Tom Kundig of Olson Kundig Architects transformed an old wholesale shoe parts warehouse in the Pine/Pike corridor of Seattle's Capitol Hill neighborhood into a multiple-use space for artist Catherine Eaton Skinner, who splits her time between Seattle and Sante Fe. Created out of two bays on the second floor of the warehouse, the 3,750-square-foot loft functions as work, entertaining, and gallery space. "Sliding and pivoting 9-foot-square wall panels run adjacent to the large, central wood beam and allow the space to be reconfigured as needed," Kundig says. A working wall runs the entire length of the south wall, pulling away from the exterior wall in one area to provide space for a utility room and bathroom.
Photos by Tim Bies via Olson Kundig Architects.
Above: The 100-year-old Arensberg Sons warehouse sign announces the entrance to the art studio.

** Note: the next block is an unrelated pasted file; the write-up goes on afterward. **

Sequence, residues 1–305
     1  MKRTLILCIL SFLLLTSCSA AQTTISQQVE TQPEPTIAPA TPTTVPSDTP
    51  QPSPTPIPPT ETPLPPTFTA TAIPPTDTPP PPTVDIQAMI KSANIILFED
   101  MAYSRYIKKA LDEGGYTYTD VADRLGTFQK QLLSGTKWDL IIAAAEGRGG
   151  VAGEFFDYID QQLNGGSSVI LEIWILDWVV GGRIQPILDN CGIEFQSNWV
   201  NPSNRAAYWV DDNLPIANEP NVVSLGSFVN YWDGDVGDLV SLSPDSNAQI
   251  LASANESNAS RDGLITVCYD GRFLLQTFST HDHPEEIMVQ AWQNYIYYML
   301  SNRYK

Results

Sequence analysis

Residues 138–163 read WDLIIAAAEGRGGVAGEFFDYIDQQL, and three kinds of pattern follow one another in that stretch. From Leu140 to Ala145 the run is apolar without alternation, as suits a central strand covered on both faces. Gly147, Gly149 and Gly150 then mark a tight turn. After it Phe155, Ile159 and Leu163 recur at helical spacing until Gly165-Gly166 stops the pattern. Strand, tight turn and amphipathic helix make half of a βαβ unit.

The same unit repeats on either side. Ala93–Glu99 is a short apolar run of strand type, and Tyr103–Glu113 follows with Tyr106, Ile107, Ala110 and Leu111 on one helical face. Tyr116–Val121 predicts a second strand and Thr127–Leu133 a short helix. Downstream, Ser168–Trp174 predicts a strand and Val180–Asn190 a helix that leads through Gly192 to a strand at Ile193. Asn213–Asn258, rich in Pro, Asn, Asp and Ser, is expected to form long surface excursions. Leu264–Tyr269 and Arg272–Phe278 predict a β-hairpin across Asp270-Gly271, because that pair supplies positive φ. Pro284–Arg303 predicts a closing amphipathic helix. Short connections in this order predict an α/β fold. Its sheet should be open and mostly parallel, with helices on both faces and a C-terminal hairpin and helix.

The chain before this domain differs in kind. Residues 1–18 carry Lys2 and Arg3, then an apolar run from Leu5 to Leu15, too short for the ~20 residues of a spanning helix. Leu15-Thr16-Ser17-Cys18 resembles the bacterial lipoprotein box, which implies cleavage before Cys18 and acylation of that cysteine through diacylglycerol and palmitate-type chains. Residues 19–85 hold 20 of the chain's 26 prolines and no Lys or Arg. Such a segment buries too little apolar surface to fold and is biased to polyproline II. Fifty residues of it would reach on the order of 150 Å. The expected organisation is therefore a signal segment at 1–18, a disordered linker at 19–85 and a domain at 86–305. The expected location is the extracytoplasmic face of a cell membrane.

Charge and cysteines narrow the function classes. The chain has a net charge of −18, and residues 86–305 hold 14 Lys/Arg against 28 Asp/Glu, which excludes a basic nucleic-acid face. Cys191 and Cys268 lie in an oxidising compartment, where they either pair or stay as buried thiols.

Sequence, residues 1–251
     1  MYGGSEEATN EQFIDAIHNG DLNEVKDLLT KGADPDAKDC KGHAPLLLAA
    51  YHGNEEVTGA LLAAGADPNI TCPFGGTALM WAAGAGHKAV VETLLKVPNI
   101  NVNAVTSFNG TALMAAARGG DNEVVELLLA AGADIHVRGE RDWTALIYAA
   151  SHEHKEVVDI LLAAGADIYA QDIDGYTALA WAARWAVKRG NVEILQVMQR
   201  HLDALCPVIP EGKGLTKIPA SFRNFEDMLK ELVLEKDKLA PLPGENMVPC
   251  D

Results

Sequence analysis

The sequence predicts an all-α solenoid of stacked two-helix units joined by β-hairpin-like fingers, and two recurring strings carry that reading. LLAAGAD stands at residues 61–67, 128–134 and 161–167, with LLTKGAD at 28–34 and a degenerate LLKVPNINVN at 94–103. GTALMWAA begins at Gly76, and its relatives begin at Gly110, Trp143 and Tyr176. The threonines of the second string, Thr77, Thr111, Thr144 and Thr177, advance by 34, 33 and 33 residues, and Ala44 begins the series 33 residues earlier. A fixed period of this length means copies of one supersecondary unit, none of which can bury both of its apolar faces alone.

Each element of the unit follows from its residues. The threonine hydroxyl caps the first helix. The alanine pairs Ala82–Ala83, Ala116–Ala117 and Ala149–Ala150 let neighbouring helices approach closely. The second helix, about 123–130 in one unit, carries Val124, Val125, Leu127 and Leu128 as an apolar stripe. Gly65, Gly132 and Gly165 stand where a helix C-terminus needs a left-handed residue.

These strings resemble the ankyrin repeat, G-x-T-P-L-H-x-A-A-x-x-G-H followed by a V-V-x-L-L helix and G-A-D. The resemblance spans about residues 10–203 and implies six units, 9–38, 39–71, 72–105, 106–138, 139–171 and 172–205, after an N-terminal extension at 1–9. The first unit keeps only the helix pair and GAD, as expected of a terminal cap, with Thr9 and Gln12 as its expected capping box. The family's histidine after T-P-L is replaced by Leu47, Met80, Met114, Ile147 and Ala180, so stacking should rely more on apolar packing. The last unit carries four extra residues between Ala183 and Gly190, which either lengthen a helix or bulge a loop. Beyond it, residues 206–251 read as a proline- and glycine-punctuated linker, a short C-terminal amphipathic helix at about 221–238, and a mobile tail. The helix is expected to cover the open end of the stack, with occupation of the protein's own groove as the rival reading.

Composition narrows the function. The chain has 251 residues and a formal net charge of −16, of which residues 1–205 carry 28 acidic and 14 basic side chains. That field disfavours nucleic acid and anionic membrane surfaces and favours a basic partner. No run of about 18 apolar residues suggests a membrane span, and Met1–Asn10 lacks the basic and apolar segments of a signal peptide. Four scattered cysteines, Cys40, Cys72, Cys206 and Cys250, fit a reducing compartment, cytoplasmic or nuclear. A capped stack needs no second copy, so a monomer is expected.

Above: The steel stairway leads to the rooftop deck and garden.
Above: Simple pendant lights plug into ceiling outlets and can be positioned in various configurations. (N.B. Want to see more glass pendent lights? See these "10 Easy Pieces.")
Above: The artist at work.
Above: When the sliding and rotating wall panels are retracted, the loft is one large open space.
Above: Discrete zones are created when the panels are closed.
Above: Steel factory windows allow for abundant light throughout the art studio.
Above: The 26-foot-long table is made from a slab of old-growth Douglas Fir felled by the eruption at Mount St. Helens. The steel rolling wheels were designed by Kundig and forged in Seattle.
Above: A wall-mounted faucet from Chicago Faucets in the bath pays homage to the building's industrial past.
Above: Tom Kundig: Houses, featuring by-now-iconic projects such as the Brain Studio and the Chicken Point Cabin, is available from Amazon for $25.97.